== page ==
Volume 89 Issue 16 | p. 38
Issue Date: April 18, 2011

Where Are They Now? Revisiting Disclosures From Years Past

Department: Science & Technology
Keywords: Medicinal chemistry, organic chemistry, ACS meetings, pharma, biotech
8916sci1_tandutinib
 

C&EN has covered the “First Disclosures” symposium each year for nearly 10 years. This new feature returns to previously disclosed compounds to see how they are faring.

MLN518 (now tandutinib) The road from clinical trials to Food & Drug Administration approval can be long. For MLN518, an anticancer drug candidate from Millennium Pharmaceuticals (today, Millennium: The Takeda Oncology Co.) that had its structure disclosed at the spring 2002 ACS national meeting, the journey is roughly a decade old. The molecule has not yet been FDA approved. MLN518 blocks a kinase enzyme called FLT-3, part of a family of cell-signaling enzymes that has been implicated in a variety of cancers (C&EN, May 13, 2002, page 35).

In 2002, the company had initiated Phase I clinical trials of MLN518, which was later renamed tandutinib. The trials involved patients with acute myelogenous leukemia (AML), a form of cancer marked by rapid accumulation of abnormal white blood cells in blood and bone marrow, and a form where more than a quarter of patients have mutations in FLT-3. In 2006, the company published the results of that trial (Blood, DOI: 10.1182/blood-2006-02-005702). The trial was too small to test tandutinib’s antileukemia activity, and some patients experienced side effects such as muscle weakness. However, two patients with FLT-3 mutations exhibited evidence of an antileukemia effect. So Millennium continued to study the drug in multiple clinical trials to confirm that effect.

One of those trials, a Phase I/II clinical trial involving AML patients, combined tandutinib with two other chemotherapeutics, cytarabine and daunorubicin. In that trial, 21 of 29 leukemia patients on the combination treatment achieved complete remission (IDrugs 2008, 11, 46). In another of the trials, a small Phase II study of tandutinib in patients with metastatic kidney cancer, side effects such as fatigue emerged in 30% of the patients on the drug (Invest. New Drugs, DOI: 10.1007/s10637-010-9516-1). Clinical trials of tandutinib are ongoing involving patients with solid tumors such as glioblastomas, according to the ClinicalTrials.gov registry. Millennium did not respond to requests for comment on the drug’s status.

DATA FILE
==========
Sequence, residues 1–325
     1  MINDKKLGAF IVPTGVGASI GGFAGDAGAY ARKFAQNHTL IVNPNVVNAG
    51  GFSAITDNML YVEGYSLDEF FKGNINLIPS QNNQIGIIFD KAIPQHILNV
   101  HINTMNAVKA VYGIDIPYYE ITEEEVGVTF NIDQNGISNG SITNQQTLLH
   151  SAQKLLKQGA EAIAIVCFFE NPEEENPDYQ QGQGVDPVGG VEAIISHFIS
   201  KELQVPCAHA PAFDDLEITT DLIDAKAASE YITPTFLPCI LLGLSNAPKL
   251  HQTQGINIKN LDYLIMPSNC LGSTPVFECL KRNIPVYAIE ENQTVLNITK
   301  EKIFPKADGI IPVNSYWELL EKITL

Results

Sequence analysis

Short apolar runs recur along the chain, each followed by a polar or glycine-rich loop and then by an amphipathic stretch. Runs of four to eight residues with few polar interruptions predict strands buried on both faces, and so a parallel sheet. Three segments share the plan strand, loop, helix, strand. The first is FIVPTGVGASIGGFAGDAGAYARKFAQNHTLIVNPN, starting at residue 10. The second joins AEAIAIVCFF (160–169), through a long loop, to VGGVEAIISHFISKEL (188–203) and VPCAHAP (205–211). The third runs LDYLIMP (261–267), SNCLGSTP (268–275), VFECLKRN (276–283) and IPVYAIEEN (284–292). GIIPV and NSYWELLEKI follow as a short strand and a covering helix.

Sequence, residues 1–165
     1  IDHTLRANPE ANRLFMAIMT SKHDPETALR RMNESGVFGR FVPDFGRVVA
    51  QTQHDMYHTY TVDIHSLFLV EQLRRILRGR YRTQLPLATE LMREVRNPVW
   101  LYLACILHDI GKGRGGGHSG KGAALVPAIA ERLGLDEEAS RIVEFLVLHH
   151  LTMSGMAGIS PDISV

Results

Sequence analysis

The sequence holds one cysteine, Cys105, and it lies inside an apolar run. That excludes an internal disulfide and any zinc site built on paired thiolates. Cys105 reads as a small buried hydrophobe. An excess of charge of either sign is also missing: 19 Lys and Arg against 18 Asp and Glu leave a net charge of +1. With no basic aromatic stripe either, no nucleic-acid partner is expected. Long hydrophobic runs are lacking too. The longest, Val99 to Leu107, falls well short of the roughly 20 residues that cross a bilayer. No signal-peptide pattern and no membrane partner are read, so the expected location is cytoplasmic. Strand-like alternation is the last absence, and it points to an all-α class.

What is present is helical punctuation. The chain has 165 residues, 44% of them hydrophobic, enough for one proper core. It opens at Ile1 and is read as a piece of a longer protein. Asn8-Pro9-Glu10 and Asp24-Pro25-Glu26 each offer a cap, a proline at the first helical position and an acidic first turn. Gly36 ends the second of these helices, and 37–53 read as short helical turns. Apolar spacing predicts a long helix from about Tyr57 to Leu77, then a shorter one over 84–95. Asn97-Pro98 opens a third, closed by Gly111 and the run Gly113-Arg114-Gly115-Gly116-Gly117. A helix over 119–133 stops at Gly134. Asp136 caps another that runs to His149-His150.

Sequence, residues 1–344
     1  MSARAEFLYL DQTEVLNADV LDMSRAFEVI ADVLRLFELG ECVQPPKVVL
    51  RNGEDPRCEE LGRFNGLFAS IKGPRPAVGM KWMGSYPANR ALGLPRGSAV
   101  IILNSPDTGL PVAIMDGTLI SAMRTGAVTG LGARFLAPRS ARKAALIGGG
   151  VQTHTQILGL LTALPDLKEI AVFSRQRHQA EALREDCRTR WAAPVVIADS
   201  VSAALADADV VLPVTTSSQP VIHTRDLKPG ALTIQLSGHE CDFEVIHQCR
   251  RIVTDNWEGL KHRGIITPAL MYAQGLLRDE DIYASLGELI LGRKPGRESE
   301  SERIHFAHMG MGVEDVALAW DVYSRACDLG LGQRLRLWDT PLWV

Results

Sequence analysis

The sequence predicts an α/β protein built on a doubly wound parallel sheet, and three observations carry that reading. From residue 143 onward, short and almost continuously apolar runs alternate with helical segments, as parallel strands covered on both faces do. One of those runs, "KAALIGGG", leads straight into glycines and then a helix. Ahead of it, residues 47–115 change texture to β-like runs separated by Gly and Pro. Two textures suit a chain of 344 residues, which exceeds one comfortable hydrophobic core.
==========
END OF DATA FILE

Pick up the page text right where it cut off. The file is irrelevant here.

8916sci1_vorapaxar
 

SCH-530348 (now vorapaxar) Since C&EN covered the first disclosure of the blood-clot-preventing drug candidate SCH-530348 in spring 2005, the molecule has been given the name vorapaxar. Originally discovered at Schering-Plough, the drug candidate became part of the Merck pipeline when Schering merged with Merck in November 2009.

Vorapaxar was inspired by himbacine, a molecule found in the bark of Australian magnolia trees (C&EN, April 18, 2005, page 40). It selectively blocks a protein called protease-activated receptor 1 (PAR-1), which is found on the surface of blood platelets. PAR-1 is activated by thrombin, a protease enzyme that has two big roles: helping platelets clump together and forming fibrin, the meshlike protein that’s a major component of blood clots. It was thought that by blocking PAR-1, vorapaxar would block platelet aggregation without interfering with clotting, thus reducing risk of heart attack without raising the risk of excessive bleeding.

By this year, vorapaxar was being tested in tens of thousands of patients in multiple Phase III clinical trials. On Jan. 13, an independent data safety monitoring board made changes to two large vorapaxar trials. In one study, patients who’d had a prior stroke were taken off vorapaxar, and the second study was discontinued. On Jan. 19, Merck confirmed that for patients with a history of stroke, vorapaxar increased the risk of bleeding in the brain. This development was a blow to the thinking about the benefits of vorapaxar’s mechanism. However, the safety monitoring board recommended that vorapaxar still be tested in more than 20,000 patients who do not have a history of stroke, and Merck is committed to doing so, said Brigham & Women’s Hospital cardiologist Eugene Braunwald, chair of one large vorapaxar clinical study, in a Jan. 19 Merck press release.

 
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